The Inherent Flaw in “Opportunity Zones”

Map credit: Econ Focus

by James A. Bacon

The City of Norfolk is gearing up to take full advantage of tax breaks contained in the 2017 Tax Cuts and Jobs Act. City Council has designated the St. Paul area, home to three 50s-era housing projects, as an “opportunity zone.” Plans call for demolishing the three projects and replacing them with mixed-income development. The city will receive $30 million in Housing and Urban Development funds to jump-start redevelopment, but the bulk of investment is expected to come from the private sector.

More than 8,700 such opportunity zones have been designated across the country; about 10% are located within the 5th Federal Reserve Bank district, which includes Virginia. Through a mix of incentives, investors in opportunity zones can defer, reduce or in some cases eliminate capital gains taxes in the zones.

While the tax breaks may prove effective at channeling investment capital into the designated zones, it is an open question if it will actually help the poor people living there, writes Jessie Romero in the current issue of Fed Focus, a publication of the Federal Reserve Bank of Richmond.

The size of the potential tax break is what could lure new investment, but it depends on how profitable the investment is — which depends in part on rising property values and rents. So some observers fear that in many places, the opportunity zone designation will create or hasten a process of gentrification to the detriment of lower-income residents who don’t own their homes and instead are forced out by rising rents.

This strikes me as a legitimate concern. Indeed, the criticism goes to the heart of almost every government-subsidized redevelopment project. The more successful a project is commercially, the more likely it is to displace the very people it is meant to help.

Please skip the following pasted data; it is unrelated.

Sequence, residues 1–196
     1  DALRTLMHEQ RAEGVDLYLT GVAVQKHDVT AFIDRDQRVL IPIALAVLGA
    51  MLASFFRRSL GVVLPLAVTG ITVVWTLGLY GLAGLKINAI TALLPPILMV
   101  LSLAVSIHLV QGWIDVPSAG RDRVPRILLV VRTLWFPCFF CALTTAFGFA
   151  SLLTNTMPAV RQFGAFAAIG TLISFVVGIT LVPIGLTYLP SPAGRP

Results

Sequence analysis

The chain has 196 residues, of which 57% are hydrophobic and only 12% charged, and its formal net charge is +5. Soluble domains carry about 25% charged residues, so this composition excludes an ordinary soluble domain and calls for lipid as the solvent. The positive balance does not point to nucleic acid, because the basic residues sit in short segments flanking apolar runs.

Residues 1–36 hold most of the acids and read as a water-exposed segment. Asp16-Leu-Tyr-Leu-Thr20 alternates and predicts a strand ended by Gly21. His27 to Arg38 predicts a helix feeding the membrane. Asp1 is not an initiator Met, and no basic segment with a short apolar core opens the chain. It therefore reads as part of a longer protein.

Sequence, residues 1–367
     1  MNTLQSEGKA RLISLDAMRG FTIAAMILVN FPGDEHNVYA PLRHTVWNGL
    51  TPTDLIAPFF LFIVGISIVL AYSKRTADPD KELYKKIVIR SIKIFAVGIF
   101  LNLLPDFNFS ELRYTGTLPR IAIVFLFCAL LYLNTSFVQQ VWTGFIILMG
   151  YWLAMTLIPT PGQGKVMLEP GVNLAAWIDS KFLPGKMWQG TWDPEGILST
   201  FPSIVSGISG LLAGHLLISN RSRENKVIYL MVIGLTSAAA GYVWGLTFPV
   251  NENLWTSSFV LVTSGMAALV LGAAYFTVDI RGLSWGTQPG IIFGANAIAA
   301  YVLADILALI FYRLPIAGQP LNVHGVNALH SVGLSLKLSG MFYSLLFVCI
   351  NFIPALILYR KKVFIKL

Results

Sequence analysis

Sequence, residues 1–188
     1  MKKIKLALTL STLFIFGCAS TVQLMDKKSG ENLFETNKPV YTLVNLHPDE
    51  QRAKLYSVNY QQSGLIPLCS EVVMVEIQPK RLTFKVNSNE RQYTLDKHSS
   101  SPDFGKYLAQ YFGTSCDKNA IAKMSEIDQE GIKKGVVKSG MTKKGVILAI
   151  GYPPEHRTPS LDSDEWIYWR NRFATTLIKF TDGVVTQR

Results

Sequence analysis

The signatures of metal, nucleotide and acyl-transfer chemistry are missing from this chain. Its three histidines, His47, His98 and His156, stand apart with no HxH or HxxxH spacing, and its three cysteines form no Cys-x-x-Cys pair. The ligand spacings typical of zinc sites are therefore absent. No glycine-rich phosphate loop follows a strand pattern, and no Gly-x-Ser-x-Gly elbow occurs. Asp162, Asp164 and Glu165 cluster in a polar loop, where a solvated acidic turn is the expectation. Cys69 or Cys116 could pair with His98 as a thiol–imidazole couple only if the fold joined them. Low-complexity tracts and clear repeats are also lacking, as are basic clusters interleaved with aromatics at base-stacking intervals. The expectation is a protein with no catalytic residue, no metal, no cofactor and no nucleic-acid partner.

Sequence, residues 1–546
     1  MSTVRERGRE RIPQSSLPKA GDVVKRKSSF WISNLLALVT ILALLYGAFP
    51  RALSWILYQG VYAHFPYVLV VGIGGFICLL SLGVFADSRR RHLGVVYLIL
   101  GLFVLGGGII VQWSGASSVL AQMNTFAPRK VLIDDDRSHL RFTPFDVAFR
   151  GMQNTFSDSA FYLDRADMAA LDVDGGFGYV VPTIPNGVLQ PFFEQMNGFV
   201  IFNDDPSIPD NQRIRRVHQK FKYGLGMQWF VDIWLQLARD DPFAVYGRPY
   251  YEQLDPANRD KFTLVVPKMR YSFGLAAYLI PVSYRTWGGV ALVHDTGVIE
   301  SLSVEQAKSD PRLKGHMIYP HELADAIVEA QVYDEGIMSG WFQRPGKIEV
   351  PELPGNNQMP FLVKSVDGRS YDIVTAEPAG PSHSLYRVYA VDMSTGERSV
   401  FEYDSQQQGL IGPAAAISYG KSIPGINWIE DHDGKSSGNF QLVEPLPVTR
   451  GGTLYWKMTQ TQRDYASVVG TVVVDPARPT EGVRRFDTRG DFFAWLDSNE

The track record of tax-free investment zones — empowerment zones, enterprise zones, renewal communities, the New Market Tax Credit — is mixed at best. On the plus side, the tax incentives have steered capital into low-income neighborhoods, often creating job opportunities and higher wages. But rising rents and housing prices often displace the original residents. Moreover, some research suggests that empowerment zones simply shift economic activity from one place to another without any net gain.

This time will be different, advocates say. Opportunity Zones have several features to make them more effective than their predecessor programs. First, they are designated by state governors with input from local leaders who presumably know more about the needs and growth potential of their communities than federal bureaucrats. Second, the program pools resources of multiple individual and institutional investors, increasing the potential funds available and limiting the risk to any single investor. Third, the tax benefits are potentially larger.